By Ricardo PREVE


Documentary - Completed 2018

The Italian submarine "Macalle" sinks in the Red Sea near a Sudanese island in 1940. An expedition finds parts from the submarine underwater, and the grave of one of its sailors on the island. After 5 years of work, his remains are returned to Italy in 2018.

& Awards

International Festival of Latin American Film of Uruguay 2018
Audience Award - Best Documentary
Latitude Film Awards 2018
Bronze Winner - Original Score
Latitude Film Awards 2018
Bronze Winner - Documentary Feature
Sudan Independent Film Festival 2019
Official Selection
South Europe International Film Festival 2019
Official Selection
Accolade Global Film Competition 2019
Award of Excellence - Creativity - Originality
Accolade Global Film Competition 2019
Award of Excellence - Cinematography
Accolade Global Film Competition 2019
Award of Excellence - Documentary Feature
    • Year of production
    • 2018
    • Genres
    • Documentary
    • Countries
    • Languages
    • Budget
    • 0.3 - 0.6 M$
    • Duration
    • 88 mn
    • Director(s)
    • Ricardo PREVE
    • Writer(s)
    • Ricardo PREVE
    • Producer(s)
    • Ricardo PREVE (Esto del Cine SRL)
    • Synopsis
    • In October 2014 Italian-Argentine filmmaker Ricardo Preve set off with a team of fellow divers in the hope of resolving one of the outstanding mysteries of the Second World War: where was the wreck of the Macalle? This Italian submarine hit a reef and sunk without trace in 1940, close to Barra Musa Kebir, a small, remote island off the coast of Sudan. But Preve’s diving expedition was to reveal more than the submarine’s likely whereabouts. On his last day on Barra Musa Kebir, Preve stumbled across the unmarked grave of Carlo Acefalo, the only submariner to die there before the remaining 44 crewmembers were rescued.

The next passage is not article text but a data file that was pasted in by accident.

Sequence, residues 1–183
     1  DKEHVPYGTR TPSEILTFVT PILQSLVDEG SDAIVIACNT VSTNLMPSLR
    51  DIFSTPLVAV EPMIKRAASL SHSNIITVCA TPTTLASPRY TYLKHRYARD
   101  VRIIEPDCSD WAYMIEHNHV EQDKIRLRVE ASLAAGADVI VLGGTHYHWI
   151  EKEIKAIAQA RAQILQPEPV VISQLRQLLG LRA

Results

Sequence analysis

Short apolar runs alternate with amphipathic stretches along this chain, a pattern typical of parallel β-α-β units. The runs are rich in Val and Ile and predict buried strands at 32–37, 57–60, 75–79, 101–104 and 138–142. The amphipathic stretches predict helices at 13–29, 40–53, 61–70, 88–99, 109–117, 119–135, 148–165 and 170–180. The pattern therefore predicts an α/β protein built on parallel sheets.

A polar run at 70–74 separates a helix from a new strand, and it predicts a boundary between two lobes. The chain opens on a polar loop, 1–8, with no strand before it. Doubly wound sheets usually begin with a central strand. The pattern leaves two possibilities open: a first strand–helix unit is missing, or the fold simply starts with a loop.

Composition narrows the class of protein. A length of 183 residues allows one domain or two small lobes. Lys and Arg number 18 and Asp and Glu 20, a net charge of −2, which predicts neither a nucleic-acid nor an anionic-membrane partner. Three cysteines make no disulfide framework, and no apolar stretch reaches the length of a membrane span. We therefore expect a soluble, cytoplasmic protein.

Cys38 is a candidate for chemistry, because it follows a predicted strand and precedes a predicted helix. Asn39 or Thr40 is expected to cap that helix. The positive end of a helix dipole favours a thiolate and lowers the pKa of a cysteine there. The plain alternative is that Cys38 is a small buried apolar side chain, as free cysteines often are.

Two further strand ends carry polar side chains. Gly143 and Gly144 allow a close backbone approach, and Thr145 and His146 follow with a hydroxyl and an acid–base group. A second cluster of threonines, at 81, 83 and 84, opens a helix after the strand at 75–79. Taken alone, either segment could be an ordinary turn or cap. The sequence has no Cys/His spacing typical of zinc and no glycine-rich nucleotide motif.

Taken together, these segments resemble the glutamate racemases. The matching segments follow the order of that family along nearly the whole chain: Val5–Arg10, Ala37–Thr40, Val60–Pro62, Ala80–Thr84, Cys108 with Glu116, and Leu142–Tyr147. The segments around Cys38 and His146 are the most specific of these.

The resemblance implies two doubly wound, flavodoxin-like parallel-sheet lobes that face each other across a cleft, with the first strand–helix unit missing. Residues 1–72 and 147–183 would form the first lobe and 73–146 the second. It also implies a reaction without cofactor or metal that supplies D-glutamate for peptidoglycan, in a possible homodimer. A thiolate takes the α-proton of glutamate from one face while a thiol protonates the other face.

Unbeknown to Preve at the time, numerous calls to the military and government had been made over the years, requesting they search for Acefalo’s grave and repatriate his body – the last on national television in Italy in 1983 by his former crewmembers – but with all of them now dead, he had since been forgotten. But all of that was about to change…

      With a storyline that could have come straight out of Hollywood, Coming Home (88 minutes) tells the fascinating tale of the Macalle’s demise due to poisonous gas, how its crew members (mostly) survived for six days on a sandbank in the searing African heat with limited supplies, and how the Italian Navy had to race to rescue the survivors from the British, who were fast closing in to take them prisoners of war.

      Personal diaries, letters, and military reports from the time help tell the story, along with interviews with descendants of the Macalle’s crew. Historical recreations, including the construction of parts of the submarine on a 1:1 scale in a studio, and exterior scenes were shot in Argentina. But the core of the film is Preve’s final expedition to the Red Sea in October, 2017, when Acefalo’s remains were exhumed, identified, and turned over to the Italian authorities. As the end credits roll, we see the military honors ceremony, and the burial of Acefalo in his mother’s grave in Italy in November, 2018.

      Coming Home closes the book on one of World War 2’s last remaining mysteries and – better late than never – realizes the wish of Carlo Acefalo’s former crewmembers: to have their fellow sailor finally back on home soil.